Scrolling through Zillow is a great way to get a sneak peek at the beautiful floor plans or not-so-stylish kitchen concepts of houses nearby. But even real estate websites can’t tell the full story of a property. And just like a home’s beauty is in the eye of the beholder, a home’s value lies in the equity of the homeowner.
So, what exactly is home equity? And why can’t you find it with a bit of online sleuthing?
Read on to find out.
Home equity defined
Home equity refers to the value of the portion of a property that you actually own. It’s your home’s current value minus what you still owe on your mortgage. As a homeowner, your home equity is a highly valuable asset. You can use it in a number of ways, but to do so smartly it’s important to understand how it works.
What's the value of building home equity?
You’ve probably heard that buying a home is an investment. That’s because the equity you build in your home can help you make other financial decisions down the line. For example, if you decide to sell your home, you can use the equity you’ve accrued to move into a bigger or better home — or you can put that money in savings. You can also tap into your equity while still living in your house, to fund other financial needs.
How to build equity
Your home equity can increase in different ways:
Make a down payment: The more you can put down initiallymeans the more home equity you immediately have.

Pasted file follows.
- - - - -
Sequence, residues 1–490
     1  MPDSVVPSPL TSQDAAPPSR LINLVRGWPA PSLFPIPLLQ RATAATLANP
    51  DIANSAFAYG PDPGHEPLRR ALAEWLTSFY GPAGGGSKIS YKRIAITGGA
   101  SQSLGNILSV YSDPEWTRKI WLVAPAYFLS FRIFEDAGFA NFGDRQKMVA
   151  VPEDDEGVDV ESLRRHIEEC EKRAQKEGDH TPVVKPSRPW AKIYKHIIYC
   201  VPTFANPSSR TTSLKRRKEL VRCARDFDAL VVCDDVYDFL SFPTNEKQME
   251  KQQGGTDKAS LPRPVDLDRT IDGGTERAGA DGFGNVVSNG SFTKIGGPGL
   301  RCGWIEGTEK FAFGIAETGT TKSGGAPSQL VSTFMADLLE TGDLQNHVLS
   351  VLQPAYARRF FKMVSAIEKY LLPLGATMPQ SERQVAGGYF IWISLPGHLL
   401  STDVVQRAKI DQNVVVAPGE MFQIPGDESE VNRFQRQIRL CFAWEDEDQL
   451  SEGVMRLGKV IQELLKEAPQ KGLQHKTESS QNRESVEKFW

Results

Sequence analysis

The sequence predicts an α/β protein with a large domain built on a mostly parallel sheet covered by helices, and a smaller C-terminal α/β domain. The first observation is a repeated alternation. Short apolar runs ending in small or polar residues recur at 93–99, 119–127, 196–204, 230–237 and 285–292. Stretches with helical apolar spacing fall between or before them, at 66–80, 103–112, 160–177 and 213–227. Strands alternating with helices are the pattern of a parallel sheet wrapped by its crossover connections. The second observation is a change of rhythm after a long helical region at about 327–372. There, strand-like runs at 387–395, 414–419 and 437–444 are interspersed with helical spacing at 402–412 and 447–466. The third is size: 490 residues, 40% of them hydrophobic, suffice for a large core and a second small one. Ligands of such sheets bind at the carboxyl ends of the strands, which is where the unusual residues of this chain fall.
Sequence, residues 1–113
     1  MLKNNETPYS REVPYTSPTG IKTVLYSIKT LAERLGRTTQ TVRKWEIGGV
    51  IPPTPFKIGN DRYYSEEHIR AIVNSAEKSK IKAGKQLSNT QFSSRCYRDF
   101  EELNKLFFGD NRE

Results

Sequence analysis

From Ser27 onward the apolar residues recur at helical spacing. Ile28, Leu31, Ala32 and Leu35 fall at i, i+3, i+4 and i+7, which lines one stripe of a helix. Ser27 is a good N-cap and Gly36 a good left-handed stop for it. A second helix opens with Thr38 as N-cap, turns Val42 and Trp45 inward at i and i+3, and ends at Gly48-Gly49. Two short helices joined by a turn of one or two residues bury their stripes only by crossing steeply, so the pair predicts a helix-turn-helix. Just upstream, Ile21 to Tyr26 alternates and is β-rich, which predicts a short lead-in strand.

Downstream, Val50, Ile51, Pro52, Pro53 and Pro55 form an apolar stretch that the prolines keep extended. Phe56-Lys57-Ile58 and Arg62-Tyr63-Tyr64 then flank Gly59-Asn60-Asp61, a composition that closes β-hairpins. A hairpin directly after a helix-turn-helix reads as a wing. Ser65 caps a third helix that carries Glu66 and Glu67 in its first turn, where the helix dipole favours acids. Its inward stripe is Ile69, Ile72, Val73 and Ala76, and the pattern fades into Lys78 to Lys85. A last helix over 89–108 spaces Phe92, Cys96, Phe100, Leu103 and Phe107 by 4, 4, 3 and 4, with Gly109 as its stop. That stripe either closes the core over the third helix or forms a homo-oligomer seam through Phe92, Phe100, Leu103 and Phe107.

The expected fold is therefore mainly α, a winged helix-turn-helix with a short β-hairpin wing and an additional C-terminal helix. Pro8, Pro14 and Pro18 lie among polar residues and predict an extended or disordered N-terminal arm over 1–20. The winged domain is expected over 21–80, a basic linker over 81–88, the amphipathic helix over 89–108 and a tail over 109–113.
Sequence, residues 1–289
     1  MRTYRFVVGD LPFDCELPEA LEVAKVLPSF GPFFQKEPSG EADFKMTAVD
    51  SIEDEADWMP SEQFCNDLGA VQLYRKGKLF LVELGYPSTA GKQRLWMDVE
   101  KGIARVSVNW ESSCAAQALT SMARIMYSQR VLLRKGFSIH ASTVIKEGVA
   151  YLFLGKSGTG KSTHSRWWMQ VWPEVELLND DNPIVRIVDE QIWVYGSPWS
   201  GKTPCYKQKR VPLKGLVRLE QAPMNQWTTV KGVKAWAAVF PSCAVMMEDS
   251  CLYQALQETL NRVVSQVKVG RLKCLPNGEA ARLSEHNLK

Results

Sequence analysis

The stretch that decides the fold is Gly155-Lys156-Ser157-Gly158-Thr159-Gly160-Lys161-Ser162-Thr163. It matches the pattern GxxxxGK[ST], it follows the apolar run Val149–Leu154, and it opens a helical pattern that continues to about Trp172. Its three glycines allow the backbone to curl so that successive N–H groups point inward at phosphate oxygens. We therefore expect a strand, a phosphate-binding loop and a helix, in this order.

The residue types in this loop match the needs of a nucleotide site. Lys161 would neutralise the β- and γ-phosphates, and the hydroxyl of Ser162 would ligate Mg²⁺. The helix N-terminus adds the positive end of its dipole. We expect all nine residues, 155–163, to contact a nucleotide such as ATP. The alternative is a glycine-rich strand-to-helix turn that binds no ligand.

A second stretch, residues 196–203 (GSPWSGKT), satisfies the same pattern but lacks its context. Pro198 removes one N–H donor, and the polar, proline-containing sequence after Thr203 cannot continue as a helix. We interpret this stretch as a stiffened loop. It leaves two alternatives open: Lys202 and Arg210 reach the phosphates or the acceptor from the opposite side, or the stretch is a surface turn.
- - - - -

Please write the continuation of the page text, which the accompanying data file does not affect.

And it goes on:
Your home’s value increases: If changes in the housing market cause your home’s value to jump, your equity will increase as well. Neighborhood features, like sidewalks or schools that cause property values in your area to grow, may also result in an increase. And typically, if you own your home for many years, it will appreciate over time — and you’ll accumulate more equity.
Make home improvements or renovations: Big makeovers, such as a new kitchen or master bath, can boost your house’s value the most. But even smaller projects, such as a new garage door or landscaping to add curb appeal, can increase your home’s worth.
How to calculate equity in your home
To calculate home equity, take the value of your home and subtract your mortgage balance.
Here’s an example: Your home is worth $200,000 and you made a 20% or $40,000 down payment. Then you took out a $160,000 mortgage to cover the rest. After your down payment, you have 20% equity in your home.
After five years of making mortgage payments, you now owe $130,000 for your mortgage. If the value of your home hasn’t changed, you’d have $70,000 or 35% equity in your home.
But say the value of your home has increased to $215,000. To calculate your equity, you subtract your remaining mortgage balance ($130,000) from the home’s current value to find you have $85,000 of equity, which is 39.5% of the home’s $215,000 value.
Borrowing from home equity
Having home equity is crucial because, in a way, it works like a savings account — but not one you dip into on a whim. As long as you own your house, you have equity that can be withdrawn to fund a college fund, pay down debt, or cover expenses in retirement. You can even use your equity to finance home improvement projects.